Truck Accidents FAQ

At The Pendergrass Law Firm, we receive many questions about truck accidents, but below are some of the most common ones.

Can I afford an attorney?

People delay in seeking a personal injury attorney because they are afraid that they will not have the money to pay for an experienced and aggressive lawyer. However, at The Pendergrass Law Firm, we work on a contingency basis, so you do not pay us unless we win a fair settlement for you. We take 30% of the total award we win for you and your truck accident case. There is no risk to you in reaching out today to schedule your free consultation. However, there is a risk if you delay. In Georgia, the statute of limitations on a personal injury claim after a truck accident is two years. The sooner you call, the sooner we can get started on the investigation, and the more likely you will receive the compensation you deserve from the insurance company.

Who is liable for my truck accident?

Your Peachtree Corners, GA attorney will need to conduct a thorough investigation to determine who is liable for your truck accident injuries. There may be multiple liable parties depending on the facts of your case. Typically the liable parties are one or more of the following:

  • The truck driver: drivers are legally obligated to take breaks during mandated times and only operate their vehicle when they are sober and alert. They are also to avoid any distractions that could take their eyes or mind off of the road.
  • The truck designer: If there was a flaw in the truck’s design that made it malfunction despite being properly manufactured, then the automotive company that designed the truck will be liable for the damages. They may also have to recall the defective part.
  • The truck manufacturer: in another situation, the truck manufacturer was designed properly, but there was a flaw somewhere in the manufacturing process that caused a defective component to be installed on the vehicle. When it left the assembly line, the defective vehicle was then put on the road coming to the detriment of the safety of other road users.
  • The trucking company: Some trucking companies have toxic work cultures that encourage drivers to travel longer distances in a shorter amount of time. They discourage breaks because they are focused on their bottom line and keeping their suppliers happy rather than the safety of drivers and other road users.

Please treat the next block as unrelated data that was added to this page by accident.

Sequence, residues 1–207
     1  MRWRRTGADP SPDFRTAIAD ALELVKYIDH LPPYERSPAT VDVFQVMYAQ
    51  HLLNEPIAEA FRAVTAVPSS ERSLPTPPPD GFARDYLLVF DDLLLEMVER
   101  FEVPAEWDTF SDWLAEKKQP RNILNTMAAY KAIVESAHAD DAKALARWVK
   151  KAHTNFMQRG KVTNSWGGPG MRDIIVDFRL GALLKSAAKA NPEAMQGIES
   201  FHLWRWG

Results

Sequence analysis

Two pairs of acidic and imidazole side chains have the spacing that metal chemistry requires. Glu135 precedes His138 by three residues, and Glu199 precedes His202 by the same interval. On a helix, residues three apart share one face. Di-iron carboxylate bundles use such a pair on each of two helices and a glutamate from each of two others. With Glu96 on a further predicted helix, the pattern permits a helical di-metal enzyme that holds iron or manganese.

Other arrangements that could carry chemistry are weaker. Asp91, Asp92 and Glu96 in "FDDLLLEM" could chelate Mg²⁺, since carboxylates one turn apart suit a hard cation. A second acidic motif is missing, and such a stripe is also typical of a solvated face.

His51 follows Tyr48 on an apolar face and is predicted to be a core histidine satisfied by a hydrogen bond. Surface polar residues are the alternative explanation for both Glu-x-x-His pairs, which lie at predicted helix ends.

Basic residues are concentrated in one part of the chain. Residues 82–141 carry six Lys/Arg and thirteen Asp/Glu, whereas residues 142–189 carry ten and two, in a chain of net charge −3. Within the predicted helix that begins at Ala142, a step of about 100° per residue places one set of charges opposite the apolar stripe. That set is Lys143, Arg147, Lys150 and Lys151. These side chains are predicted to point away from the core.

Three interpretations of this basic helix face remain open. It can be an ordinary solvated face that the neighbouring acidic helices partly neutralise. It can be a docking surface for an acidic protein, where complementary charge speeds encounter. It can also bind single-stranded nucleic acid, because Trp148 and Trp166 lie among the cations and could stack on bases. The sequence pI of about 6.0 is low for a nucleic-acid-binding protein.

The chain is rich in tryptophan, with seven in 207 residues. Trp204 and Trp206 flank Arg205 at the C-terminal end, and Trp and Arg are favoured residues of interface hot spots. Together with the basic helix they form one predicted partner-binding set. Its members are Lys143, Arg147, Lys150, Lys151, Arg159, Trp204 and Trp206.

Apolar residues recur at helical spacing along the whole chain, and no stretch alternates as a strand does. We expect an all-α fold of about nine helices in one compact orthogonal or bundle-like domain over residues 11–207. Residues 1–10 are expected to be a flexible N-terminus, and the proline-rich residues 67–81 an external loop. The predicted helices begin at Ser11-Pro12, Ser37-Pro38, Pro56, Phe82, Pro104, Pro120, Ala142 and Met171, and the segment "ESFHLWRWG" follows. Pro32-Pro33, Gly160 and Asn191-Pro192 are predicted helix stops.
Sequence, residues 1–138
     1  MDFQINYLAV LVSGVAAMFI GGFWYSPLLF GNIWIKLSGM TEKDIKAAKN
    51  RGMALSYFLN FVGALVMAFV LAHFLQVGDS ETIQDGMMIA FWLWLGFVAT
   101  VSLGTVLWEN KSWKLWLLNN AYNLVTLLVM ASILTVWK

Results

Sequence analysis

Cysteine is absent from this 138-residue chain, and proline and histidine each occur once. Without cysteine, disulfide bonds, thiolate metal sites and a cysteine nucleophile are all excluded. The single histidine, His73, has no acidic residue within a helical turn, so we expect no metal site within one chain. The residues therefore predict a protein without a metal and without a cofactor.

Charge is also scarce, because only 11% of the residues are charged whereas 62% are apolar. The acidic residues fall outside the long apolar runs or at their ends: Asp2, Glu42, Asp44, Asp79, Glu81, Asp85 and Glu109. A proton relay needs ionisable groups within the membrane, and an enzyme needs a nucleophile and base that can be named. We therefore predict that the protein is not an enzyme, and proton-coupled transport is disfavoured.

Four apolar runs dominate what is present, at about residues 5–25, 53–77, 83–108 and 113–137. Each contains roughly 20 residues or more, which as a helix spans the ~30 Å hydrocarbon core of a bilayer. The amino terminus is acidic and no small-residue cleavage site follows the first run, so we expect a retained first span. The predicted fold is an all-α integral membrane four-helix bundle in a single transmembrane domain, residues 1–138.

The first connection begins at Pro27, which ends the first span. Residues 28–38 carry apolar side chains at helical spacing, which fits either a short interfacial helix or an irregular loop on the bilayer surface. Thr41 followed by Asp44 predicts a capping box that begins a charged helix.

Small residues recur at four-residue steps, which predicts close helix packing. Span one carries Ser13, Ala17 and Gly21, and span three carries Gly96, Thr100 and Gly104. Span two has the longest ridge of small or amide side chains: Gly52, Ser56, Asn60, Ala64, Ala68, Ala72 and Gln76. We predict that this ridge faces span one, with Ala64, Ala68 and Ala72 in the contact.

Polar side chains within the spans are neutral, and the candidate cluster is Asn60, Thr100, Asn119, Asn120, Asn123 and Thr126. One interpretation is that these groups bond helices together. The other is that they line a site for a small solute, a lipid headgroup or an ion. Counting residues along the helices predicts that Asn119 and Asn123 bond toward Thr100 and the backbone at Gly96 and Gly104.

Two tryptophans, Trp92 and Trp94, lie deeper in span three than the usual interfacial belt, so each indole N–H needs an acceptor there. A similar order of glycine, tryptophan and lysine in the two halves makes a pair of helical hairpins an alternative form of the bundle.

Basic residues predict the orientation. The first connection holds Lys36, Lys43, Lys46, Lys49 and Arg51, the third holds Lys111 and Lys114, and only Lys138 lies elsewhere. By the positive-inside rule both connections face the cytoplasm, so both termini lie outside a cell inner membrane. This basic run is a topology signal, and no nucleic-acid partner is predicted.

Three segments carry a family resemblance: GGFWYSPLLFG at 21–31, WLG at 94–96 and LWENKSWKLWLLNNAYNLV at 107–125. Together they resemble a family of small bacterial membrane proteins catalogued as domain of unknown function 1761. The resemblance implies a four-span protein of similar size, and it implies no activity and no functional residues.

What are the most common causes of truck accidents?

  • Fatigued Driving Although there are regulations in place to prevent tired truckers from getting on the road, trucking companies may make it almost impossible for drivers to follow the mandates. They may schedule shipments to arrive very quickly and foster a toxic company culture. Individual truckers may also try to drive longer than they should to reach a destination faster.
  • Bad Weather Inclement weather reduces visibility and is a challenge for all drivers, not just truck drivers. But trucks are harder to control on slick roads and have much more mass than passenger vehicles. Due to rain, ice, or snow, slippery conditions can cause a truck to slip on the road. Heavy fog can make it difficult to see vehicles and obstructions in front of the truck.
  • Overloaded Cargo Trucks are supposed to carry only a certain amount of weight to prevent tire blowouts and tip-overs. When a truck carries a larger load than it should, this causes a more significant hazard to other drivers.
  • Limited Visibility At Night Many stretches of the nation’s highways and roads are poorly lit and have limited visibility at night. This makes driving much more dangerous for all drivers, especially truckers who may have difficulty seeing narrow roads, curves, or other road users. Truck drivers drove a combined total of about 430,200,000,000 miles in the year 2020, according to preliminary data from the Federal Highway Administration (FHWA). They also reported that the fatality rate for the year 2020 was 1.37 fatalities per 1 million vehicle miles traveled, which was an increase from 1.1 fatalities per 100 million vehicle miles traveled in the year 2019.

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